BRICS vs. Swift: Russia spearheads payments plan to guard against U.S. sanctions
Russia and its BRICS partners are developing cross-border alternatives to U.S.-dominated payments systems such as Swift, driven by the rise in cross-border trade and a desire to find non-dollar alternatives to international payments systems vulnerable to sanctions by the U.S. government.
The U.S. can use its might to exclude sanctioned banks and corporations from the global banking infrastructure, as international banking transactions involving multiple currencies require conversion into U.S. dollars. This necessitates the use of U.S.-based intermediary banks and Swift, which countries such as China, Russia, Iran and Turkey argue enables countries targeted by the latest U.S. foreign policy to be excluded from international trade.
In March, the Lower House of Russia’s Parliament approved the use of Bank of Russia’s SPFS (System for Transfer of Financial Messages) system for international transfers. The likeliest partners for this system are among the BRICS nations — Brazil, Russia, India, China and South Africa.
Russia began developing SPFS as a Swift alternative in 2014 after the introduction of Western sanctions against Moscow for annexing the Crimea. SPFS’ purpose was to prevent Russia from being cut off from the global financial system, as has happened with Iranian banks. So far, SPFS has been used just for domestic interbank financial messaging within Russia, and some 500 companies including major Russian banks are participants in the system.
However, Russia has talked to China, India, Iran and Turkey about joint use of SPFS, according to Reuters. Bank of Russia Gov. Elvira Nabiullina said in June that “banks from several countries are going to join (SPFS) and that test connections already exist.”
China has effectively developed a dual banking system, enabling one set of banks to work with the U.S. and another to deal with countries subject to U.S. sanctions. Also, the People’s Bank of China allows currency swaps between partner banks to support non-dollar-based trade in the Asian region, and China has developed the China International Payments System (CIPS) to enable clearing and settlement for cross-border renminbi-based trade. RT reported in March that several Russian banks have joined CIPS to facilitate payments transactions with China.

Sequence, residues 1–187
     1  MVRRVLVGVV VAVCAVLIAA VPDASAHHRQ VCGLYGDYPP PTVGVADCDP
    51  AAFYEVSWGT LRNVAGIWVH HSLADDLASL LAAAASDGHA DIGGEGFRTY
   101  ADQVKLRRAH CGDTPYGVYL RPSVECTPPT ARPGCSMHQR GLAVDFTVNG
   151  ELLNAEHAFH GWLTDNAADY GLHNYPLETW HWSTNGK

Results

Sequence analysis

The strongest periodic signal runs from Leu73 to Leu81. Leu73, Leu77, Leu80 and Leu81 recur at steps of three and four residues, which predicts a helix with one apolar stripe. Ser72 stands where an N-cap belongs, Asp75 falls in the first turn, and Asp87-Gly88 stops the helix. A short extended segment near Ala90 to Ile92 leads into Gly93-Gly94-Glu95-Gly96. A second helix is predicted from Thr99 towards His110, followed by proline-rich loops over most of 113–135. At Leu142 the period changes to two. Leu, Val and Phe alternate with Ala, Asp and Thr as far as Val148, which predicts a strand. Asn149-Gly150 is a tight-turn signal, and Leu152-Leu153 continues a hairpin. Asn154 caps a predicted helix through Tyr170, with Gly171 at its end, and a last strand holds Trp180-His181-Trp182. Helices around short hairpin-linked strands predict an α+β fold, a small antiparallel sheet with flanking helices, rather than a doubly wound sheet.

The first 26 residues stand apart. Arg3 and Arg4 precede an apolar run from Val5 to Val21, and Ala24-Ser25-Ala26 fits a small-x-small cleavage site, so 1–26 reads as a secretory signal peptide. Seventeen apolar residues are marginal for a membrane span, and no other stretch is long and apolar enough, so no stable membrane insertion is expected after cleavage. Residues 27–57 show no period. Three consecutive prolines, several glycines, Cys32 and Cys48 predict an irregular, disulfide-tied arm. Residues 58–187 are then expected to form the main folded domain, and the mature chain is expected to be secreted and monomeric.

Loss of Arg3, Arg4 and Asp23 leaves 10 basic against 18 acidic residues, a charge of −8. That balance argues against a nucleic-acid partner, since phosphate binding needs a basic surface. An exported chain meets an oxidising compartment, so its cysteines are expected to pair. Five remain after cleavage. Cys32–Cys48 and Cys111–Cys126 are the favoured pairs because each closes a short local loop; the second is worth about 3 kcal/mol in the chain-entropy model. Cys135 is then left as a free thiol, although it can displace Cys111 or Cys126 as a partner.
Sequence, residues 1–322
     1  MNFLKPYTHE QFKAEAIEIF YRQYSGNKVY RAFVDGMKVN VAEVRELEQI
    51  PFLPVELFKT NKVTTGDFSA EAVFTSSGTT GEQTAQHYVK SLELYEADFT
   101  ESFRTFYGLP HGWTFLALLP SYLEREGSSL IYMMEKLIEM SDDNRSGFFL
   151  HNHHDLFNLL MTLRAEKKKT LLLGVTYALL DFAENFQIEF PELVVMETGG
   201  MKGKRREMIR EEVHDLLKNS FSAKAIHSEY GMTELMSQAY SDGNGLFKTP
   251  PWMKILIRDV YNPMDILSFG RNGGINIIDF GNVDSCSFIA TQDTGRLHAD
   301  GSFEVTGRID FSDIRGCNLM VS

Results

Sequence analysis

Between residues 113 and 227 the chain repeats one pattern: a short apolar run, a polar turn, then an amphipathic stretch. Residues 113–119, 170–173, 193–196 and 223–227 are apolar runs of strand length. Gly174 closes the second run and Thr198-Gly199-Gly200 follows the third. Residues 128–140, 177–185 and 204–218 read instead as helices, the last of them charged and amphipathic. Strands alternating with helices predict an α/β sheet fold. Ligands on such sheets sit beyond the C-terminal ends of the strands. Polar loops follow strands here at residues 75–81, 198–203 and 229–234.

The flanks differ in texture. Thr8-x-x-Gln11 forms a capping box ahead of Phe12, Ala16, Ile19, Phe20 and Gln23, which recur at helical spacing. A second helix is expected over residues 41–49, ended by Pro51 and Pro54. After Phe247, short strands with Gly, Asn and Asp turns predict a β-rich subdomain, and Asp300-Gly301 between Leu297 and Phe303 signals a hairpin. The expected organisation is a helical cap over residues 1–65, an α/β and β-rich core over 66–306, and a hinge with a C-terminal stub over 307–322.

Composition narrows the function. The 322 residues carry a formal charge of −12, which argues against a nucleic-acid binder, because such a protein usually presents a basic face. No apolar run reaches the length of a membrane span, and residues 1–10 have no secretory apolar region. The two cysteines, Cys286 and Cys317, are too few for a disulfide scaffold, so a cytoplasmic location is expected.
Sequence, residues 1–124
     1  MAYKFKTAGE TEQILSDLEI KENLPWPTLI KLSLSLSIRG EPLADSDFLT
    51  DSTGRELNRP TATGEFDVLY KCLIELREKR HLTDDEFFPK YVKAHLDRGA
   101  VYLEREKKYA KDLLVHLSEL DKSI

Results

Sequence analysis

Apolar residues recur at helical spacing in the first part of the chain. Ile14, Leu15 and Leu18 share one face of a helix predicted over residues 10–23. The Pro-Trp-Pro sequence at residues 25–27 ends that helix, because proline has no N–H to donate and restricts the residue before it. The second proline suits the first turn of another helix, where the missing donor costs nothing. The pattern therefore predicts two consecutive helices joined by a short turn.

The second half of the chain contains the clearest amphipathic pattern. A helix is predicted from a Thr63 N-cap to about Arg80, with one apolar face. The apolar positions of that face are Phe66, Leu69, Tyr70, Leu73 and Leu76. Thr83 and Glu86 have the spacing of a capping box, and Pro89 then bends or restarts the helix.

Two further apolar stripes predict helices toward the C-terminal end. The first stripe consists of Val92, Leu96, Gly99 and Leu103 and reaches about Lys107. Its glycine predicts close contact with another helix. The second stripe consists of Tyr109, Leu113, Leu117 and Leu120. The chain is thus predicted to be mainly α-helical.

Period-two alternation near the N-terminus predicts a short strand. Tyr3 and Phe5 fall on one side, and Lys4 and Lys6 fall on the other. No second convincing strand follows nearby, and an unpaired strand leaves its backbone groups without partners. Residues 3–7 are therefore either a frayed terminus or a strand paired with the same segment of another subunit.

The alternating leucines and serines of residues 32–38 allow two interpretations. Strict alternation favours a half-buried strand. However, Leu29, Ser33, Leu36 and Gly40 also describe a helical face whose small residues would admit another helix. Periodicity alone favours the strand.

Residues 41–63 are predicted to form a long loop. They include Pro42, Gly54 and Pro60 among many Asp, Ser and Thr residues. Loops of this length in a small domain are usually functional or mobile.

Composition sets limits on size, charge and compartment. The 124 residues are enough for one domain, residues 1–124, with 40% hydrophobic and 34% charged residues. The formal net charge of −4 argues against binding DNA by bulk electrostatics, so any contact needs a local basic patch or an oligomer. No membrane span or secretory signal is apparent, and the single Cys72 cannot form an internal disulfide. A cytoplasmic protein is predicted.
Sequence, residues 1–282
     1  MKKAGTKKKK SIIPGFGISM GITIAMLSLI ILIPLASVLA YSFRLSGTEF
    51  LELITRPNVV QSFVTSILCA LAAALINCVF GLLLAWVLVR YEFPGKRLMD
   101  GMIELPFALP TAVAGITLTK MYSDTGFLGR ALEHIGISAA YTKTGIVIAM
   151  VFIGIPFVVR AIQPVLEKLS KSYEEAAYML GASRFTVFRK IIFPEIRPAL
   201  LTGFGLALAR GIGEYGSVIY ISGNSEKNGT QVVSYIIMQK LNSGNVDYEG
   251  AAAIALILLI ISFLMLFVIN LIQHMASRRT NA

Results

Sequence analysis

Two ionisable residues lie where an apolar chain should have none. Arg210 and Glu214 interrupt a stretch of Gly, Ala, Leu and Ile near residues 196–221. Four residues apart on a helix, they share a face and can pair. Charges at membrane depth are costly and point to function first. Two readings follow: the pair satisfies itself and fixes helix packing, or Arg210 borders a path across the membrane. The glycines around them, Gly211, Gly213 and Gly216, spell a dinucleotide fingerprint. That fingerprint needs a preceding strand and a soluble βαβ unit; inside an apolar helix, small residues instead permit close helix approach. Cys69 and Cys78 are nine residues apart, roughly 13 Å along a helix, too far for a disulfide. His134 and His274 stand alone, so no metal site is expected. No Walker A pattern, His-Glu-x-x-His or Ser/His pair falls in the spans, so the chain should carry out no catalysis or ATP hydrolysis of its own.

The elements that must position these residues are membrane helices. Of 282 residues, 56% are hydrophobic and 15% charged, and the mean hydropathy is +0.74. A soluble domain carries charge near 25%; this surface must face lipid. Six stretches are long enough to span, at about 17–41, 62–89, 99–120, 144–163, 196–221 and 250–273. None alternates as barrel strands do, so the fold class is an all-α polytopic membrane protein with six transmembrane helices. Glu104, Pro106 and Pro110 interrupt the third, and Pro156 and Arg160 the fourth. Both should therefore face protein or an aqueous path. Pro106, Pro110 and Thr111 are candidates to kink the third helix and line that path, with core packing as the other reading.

The BRICS initiative faces an uphill struggle, as banks participating in a potentially sanctions-busting alternative to Swift could risk retribution.
“Establishing an alternative payment system to bypass U.S., EU and UN sanctions would be seen as provocative,” said U.K.-based consultant Bob Lyddon. “No bank would participate if it felt at risk of being taken off Swift or excluded from U.S. dollar correspondent banking services. The big Chinese and Turkish banks, especially Turkish banks controlled by European banks, have far more diverse businesses than just trading with other BRICS countries, and wouldn’t participate in the BRICS system if they risked losing their access to Swift — without these banks, the BRICS system cannot fly.”
Also, there is risk of further straining what are already difficult trading relationships between the U.S. and China and other countries.
“Countries like Turkey and China have reason to not antagonize the U.S., as their interests in U.S. dollar and financial system transactions are, now and in the near-term, more compelling than any interests served by a Russia-built alternative payments platform limited to a handful of countries,” said Hdeel Abdelhady, principal attorney at MassPoint Legal and Strategy Advisory in Washington, D.C. “But, ultimately, these countries’ long-term goals might be decisive. If BRICS countries and other nations see long-term systemic benefits in alternative payments infrastructure, they may be more willing to endure any near-term costs.”
Other analysts interviewed for this article said it is realistic to expect Russia can build an alternative to Swift to facilitate trade with countries subject to financial sanctions.
“The technology for non-U.S.-dollar cross-border payments exists, and Swift isn’t the only option for these transactions,” said Erika Baumann, senior wholesale banking analyst at Aite Group. “We’re seeing technology vendors emerge that have the ability to fill the niche of serving emerging regions.”
The technical tools for building alternatives to Swift are in place, agreed Steve Murphy, commercial and enterprise payments analyst at Mercator Advisory Group.
“These include blockchain-based cross-border networks such as IBM World Wire, the JPM Chase IIN (Interbank Information Network) and JPM Coin as well as RippleNet,” he said.
The search for an alternative to the U.S. dollar also extends to mobile payments. The BRICS nations are developing the cloud-based BRICS Pay mobile payment service, which will use a mobile wallet similar to Apple Pay and link the BRICS countries’ own payment systems.
With the exception of South Africa, the BRICS nations have their own independent domestic card schemes — China UnionPay, India’s RuPay, Brazil’s ELO and Russia’s Mir system.
BRICS Pay would enable Brazilians, Russians, Indians, Chinese and South Africans to use their own national currencies as a direct basis of exchange for foreign payments.
Russian, Indian and Chinese consumers have already strongly adopted digital P2P payments in their home countries, as seen with the success of Alipay, Paytm and WeChat Pay. So being able to make cross-border mobile payments is a natural extension of the functionality they are used to.